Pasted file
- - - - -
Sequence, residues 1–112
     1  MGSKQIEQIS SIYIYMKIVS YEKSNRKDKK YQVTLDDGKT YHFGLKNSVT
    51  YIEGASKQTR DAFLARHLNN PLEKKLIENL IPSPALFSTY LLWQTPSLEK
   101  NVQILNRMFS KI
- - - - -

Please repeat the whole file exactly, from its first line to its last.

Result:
Sequence, residues 1–112
     1  MGSKQIEQIS SIYIYMKIVS YEKSNRKDKK YQVTLDDGKT YHFGLKNSVT
    51  YIEGASKQTR DAFLARHLNN PLEKKLIENL IPSPALFSTY LLWQTPSLEK
   101  NVQILNRMFS KI